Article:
industry insider | Apr 20, 2020 |
With the expansion of her collection, Amanda Lindroth is looking on the bright side

When she decided to expand her eponymous collection this spring, designer Amanda Lindroth could never have guessed that she’d be releasing a line of rattan and wicker furnishings in the middle of a pandemic. And while Lindroth and her new CEO, Jennifer Luong, were initially worried that the virus’s arrival in America might mean delaying the launch, they’ve actually seen an increase in both online sales and social media engagement since the shutdowns began last month.

Amanda Lindroth
Amanda LindrothGraciela Cattarossi

“We’re super respectful of this crisis—we’ve closed our stores and have been careful to follow the safety guidelines in our warehouse,” says Lindroth. “But people are shopping online and seem to be really concentrating on their homes right now, so we have no choice but to focus on the positive. We’re taking it one step at a time, but we’re excited about this launch.”

With a collection that initially focused on tabletop products, the expansion includes bedding, furniture, lighting and decorative accessories, all featuring the signature caftan-clad glamour of the Palm Beach, Florida– and Bahamas-based designer’s island aesthetic. “It’s quite a big leap for us,” says Lindroth. “For some reason, we never start small. We could have done three or four new pieces, but there’s something closer to 30. That’s just the way we roll.”

The furniture and accessories are made almost exclusively of bamboo, rattan or wicker, materials that Lindroth needed Luong’s extensive background in product development and sourcing to find. “I wouldn’t have had access to the factories that can make high-quality rattan and wicker on my own,” says Lindroth. “I needed Jennifer’s knowledge of sourcing in Southeast Asia to make this a reality.”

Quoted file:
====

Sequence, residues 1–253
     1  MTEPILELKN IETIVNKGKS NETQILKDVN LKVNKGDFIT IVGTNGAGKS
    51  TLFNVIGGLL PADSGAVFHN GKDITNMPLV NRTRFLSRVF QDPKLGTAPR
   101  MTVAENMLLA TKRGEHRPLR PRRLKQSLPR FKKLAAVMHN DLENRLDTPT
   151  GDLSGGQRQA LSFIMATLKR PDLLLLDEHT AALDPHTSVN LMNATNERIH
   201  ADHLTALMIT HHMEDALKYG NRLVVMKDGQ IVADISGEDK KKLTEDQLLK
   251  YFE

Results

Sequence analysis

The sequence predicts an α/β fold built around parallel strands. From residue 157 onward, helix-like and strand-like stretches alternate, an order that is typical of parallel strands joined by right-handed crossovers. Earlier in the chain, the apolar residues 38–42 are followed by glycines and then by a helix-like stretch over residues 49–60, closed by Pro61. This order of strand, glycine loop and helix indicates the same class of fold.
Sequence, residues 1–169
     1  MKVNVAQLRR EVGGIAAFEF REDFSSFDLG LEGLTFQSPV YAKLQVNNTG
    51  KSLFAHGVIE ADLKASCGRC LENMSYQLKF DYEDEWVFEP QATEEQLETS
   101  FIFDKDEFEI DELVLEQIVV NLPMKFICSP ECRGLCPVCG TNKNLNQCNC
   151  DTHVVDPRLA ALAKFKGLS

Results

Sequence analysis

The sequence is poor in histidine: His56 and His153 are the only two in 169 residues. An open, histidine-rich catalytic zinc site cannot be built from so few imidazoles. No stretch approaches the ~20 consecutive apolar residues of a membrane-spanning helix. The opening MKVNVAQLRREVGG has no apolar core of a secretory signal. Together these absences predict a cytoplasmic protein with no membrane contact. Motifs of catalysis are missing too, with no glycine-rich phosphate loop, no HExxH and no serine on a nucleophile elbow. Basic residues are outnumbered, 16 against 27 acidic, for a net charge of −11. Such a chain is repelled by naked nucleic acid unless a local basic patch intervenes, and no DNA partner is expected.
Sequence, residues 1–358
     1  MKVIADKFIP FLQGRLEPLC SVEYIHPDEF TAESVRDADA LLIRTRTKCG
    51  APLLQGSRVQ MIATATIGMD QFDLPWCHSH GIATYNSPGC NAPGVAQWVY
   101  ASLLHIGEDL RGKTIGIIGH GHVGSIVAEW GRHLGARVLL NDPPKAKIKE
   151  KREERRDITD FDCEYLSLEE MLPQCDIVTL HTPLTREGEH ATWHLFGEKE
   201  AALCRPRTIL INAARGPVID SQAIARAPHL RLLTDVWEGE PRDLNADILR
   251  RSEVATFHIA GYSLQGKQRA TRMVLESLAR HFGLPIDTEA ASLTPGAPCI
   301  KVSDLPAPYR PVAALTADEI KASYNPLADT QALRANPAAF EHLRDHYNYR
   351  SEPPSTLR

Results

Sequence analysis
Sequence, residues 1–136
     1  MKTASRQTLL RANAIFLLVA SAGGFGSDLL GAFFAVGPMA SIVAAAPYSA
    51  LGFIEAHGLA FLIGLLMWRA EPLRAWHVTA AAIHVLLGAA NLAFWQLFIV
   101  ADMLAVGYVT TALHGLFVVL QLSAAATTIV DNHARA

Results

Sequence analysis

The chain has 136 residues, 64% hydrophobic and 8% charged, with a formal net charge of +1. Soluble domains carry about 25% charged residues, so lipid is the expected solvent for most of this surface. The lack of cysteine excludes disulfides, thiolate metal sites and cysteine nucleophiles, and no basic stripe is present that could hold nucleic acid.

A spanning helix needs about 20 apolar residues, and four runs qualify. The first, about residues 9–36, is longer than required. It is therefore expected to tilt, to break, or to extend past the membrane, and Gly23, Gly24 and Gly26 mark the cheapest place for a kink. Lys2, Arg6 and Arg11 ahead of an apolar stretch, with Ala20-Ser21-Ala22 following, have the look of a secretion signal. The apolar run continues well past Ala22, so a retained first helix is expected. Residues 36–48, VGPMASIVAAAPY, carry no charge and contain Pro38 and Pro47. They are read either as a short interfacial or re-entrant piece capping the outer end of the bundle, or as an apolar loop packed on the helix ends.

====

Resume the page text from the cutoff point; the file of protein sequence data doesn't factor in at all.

In thinking about expanding her product categories, the designer turned to her decorating studio, which keeps a list of 30 to 40 items that every one of her projects should have. Things like picture frames and orchid baskets were a must. “We like to be sure that houses have all these layers to make them feel like they’re loved and looked after,” says Lindroth. “If our brand has a DNA, I would say it’s about happiness, celebration and living with your windows open. That’s what we try to convey to people who shop with us, and I want to be able to give them a complete program of what gives our work this island feel.”

The Paradise Canopy Bed from Lindroth's expanded collection
The Paradise Canopy Bed from Lindroth’s expanded collectionLucy Cuneo

The rest of the new offerings are items that Lindroth had a hard time finding (at all, or in a quality she could stand by). The quality component is where Luong had her work cut out for her. “In many ways, this was a fun challenge for me, because while I’ve been in sourcing for most of my career, short knot bamboo is not something that you come across every day,” says Luong. “Having someone who can actually make Amanda’s canopy bed is very challenging. So, I really enjoyed that aspect of this process.”

Throughout the pandemic, luck has been on the brand’s side. The portion of the collection made in India shipped to the company’s U.S. warehouse before India went on a strict lockdown. And when nonessential businesses began to close in America, that same warehouse was allowed to remain open under strict new worker safety guidelines, allowing warehouse staff to stay on the payroll—something Luong and Lindroth recognize as a benefit of the brand’s continued customer engagement.

“I think it’s really important to recognize that, even though this crisis is on everyone’s minds and it’s obviously very serious, there are still reasons to feel joyful in the home,” says Lindroth. “Our collection is about living outside, having a good time and enjoying friends and family. We’re taking the best out of the situation and responding to the fact that people, especially creatives, are setting tables and cooking and focusing on beauty where they can find it or create it within their homes. It’s a fascinating moment, in that regard. To me, the way to find joy in this time is to see people noticing the beauty that can be found at home.”

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